Bridges News — cloud

Cloud Privacy: How is your extension paying for its development?

Cloud Privacy: How is your extension paying for its development?

You don’t get something for nothing….

There’s no such thing as a free lunch…

everybody’s got to eat…

Home truths, that could be extended (pun intended) to extensions. Developers of extensions are no different than the rest of us — they don’t generally work for free.

The ones that do (and again we’ve been down this road before with iPad apps), well, don’t expect a lot of longevity or support — you get what you pay for.

A lot of the extensions that you don’t pay for aren’t actually free, they just use a different currency – information. You’re trading the information that comes out of your web browser – where you go, what you read, how long you’re there, what sites you return to, what adds you click on, what you’re emailing/messaging about, what links your sharing etc. etc. etc. — for the functionality of the app.
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Cloud Privacy: Can you turn your Extensions Off?

Cloud Privacy: Can you turn your Extensions Off?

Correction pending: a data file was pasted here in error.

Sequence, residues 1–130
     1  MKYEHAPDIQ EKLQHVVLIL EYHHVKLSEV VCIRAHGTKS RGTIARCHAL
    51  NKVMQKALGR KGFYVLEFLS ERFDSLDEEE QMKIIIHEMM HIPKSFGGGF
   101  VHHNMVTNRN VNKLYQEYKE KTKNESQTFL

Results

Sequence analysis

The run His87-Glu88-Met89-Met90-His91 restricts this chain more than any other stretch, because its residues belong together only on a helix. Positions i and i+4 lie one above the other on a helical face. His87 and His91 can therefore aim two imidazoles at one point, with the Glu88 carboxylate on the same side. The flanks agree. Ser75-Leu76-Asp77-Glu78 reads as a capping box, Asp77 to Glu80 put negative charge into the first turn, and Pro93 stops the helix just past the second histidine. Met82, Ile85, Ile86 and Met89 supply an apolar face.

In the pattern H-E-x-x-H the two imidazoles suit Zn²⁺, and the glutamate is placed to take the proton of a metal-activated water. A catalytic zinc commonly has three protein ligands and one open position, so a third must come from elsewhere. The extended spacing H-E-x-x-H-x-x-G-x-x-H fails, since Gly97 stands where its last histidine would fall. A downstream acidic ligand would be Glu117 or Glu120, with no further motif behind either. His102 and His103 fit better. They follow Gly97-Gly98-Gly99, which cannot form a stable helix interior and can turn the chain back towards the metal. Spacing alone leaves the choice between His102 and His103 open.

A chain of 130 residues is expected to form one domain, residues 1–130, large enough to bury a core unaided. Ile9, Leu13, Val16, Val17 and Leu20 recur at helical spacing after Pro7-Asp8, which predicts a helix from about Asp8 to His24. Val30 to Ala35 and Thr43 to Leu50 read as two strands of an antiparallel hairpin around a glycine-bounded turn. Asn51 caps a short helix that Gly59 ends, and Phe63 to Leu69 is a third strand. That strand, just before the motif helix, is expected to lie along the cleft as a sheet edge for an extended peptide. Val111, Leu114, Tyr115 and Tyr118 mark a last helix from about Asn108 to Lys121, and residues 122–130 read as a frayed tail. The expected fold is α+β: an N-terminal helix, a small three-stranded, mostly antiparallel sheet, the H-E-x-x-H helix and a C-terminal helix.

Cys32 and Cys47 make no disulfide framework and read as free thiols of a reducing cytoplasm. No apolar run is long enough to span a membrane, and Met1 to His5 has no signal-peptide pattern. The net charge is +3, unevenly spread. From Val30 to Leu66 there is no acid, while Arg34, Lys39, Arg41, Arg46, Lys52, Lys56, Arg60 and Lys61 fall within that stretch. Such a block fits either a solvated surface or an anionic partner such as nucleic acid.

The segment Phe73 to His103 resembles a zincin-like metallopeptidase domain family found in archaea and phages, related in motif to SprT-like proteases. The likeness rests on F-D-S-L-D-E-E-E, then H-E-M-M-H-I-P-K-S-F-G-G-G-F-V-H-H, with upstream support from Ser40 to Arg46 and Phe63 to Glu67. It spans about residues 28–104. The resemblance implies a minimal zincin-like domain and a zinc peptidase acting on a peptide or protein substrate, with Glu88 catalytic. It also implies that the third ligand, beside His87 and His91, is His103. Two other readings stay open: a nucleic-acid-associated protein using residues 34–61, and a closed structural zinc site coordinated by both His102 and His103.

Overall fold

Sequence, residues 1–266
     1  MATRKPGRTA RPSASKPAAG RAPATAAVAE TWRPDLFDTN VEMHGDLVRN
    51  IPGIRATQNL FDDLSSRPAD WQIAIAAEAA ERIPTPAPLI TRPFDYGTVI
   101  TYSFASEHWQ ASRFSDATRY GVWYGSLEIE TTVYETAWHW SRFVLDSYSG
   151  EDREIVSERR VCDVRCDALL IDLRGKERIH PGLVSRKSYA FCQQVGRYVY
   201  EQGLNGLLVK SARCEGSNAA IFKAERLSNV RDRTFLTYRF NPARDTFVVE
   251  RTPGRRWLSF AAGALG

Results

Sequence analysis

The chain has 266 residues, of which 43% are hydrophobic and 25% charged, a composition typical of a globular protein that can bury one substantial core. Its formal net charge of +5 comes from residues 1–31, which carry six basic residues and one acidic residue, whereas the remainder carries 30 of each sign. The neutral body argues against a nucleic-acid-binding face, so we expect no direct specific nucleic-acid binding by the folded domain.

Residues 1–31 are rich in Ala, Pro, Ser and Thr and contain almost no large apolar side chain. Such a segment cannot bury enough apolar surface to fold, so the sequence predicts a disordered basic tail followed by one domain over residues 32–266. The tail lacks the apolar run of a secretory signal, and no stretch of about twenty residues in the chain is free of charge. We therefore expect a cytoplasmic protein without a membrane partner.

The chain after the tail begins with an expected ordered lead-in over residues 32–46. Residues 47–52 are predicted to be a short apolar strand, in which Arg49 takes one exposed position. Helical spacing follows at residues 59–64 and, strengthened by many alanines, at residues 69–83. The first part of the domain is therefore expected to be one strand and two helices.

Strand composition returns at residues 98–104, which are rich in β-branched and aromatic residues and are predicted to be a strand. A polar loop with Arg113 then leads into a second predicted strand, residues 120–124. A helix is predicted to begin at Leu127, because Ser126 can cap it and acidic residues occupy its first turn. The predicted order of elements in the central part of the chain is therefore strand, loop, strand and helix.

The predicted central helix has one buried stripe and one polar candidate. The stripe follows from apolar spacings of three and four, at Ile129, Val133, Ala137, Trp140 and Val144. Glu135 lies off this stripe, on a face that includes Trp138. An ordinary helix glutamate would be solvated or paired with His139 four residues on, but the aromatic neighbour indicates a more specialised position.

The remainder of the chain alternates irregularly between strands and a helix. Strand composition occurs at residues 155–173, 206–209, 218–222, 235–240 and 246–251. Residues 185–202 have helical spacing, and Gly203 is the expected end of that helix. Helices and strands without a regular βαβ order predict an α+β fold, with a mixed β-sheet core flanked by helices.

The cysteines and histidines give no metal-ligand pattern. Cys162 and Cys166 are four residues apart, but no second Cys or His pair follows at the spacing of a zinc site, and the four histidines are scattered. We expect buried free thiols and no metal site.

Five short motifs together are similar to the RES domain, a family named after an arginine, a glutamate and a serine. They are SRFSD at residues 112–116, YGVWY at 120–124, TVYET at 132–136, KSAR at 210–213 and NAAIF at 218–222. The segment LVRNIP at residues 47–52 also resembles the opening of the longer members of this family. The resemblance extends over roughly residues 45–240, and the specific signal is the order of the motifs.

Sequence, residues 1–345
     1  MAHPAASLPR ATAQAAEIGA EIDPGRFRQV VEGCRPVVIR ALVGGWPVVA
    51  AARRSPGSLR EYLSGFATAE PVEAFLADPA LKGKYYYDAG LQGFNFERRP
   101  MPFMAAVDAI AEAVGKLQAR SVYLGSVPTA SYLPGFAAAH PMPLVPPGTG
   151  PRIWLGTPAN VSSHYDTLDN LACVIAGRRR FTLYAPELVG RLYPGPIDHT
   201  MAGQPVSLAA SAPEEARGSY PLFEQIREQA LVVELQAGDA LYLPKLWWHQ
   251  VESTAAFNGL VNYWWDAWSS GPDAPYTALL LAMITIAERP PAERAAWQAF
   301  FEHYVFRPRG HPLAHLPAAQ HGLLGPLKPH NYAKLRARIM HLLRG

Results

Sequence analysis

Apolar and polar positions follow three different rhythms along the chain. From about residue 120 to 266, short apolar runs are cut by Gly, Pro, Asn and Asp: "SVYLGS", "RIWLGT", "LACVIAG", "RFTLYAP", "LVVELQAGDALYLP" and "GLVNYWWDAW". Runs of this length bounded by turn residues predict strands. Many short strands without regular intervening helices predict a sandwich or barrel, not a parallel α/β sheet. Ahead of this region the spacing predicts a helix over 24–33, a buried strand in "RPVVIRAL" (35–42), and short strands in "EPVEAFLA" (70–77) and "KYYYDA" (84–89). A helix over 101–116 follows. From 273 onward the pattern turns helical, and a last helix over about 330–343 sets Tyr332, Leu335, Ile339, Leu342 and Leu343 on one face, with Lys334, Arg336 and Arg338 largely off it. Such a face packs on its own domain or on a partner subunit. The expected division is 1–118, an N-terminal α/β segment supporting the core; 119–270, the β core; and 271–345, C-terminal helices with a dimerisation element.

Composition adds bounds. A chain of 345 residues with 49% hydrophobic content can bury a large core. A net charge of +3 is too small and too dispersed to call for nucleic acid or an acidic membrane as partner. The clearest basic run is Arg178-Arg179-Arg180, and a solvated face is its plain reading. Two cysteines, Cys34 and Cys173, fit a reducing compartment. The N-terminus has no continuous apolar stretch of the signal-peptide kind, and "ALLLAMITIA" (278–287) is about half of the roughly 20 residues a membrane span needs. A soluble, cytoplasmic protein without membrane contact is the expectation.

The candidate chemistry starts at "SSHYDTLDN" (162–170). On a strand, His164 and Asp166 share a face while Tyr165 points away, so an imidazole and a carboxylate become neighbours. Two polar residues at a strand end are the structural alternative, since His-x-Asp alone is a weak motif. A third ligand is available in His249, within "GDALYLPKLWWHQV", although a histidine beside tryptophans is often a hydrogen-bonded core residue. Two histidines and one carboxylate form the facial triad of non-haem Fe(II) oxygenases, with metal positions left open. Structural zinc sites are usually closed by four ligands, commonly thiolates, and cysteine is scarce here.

For most extensions, it is a safe bet that they are always working. Even though you are not actually accessing their functionality, they are still doing their work.

For an extension to deliver that almost instant responsiveness that makes you forget the work is being done on a server, thousands of kilometres away, most extensions work not when you click on a specific function like “read-out-loud” or “reformat the page” but as soon as you load up the web page.

If the extension is clicked it feeds it back to you with the added functionality. If it’s not clicked, it doesn’t.

But the vacuuming-up of the information you're viewing in your browser and sending it to an external server, has probably happened regardless.
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Extensions — What work is done in the Cloud vs. the local computer

Extensions — What work is done in the Cloud vs. the local computer

Most extensions take data from your computer and send it to their server in the Cloud to do the work. From a developer’s standpoint, that’s the easiest and cheapest way to create and run an extension.

Extensions that look at the text or document you’re looking at — a text-to-speech reader, adblocker, a summarizer etc. — indiscriminately vacuum-up all the information that a user is reading and let the tools on their servers do the processing e.g. turn text into speech or apply algorithms that pull out the important ideas, shutdown ads etc. They then send that processed information back down to the local computer.

Think about what that means. All of what you are browsing, all the pages of all the sites you visit, are sent to a server somewhere and stored.
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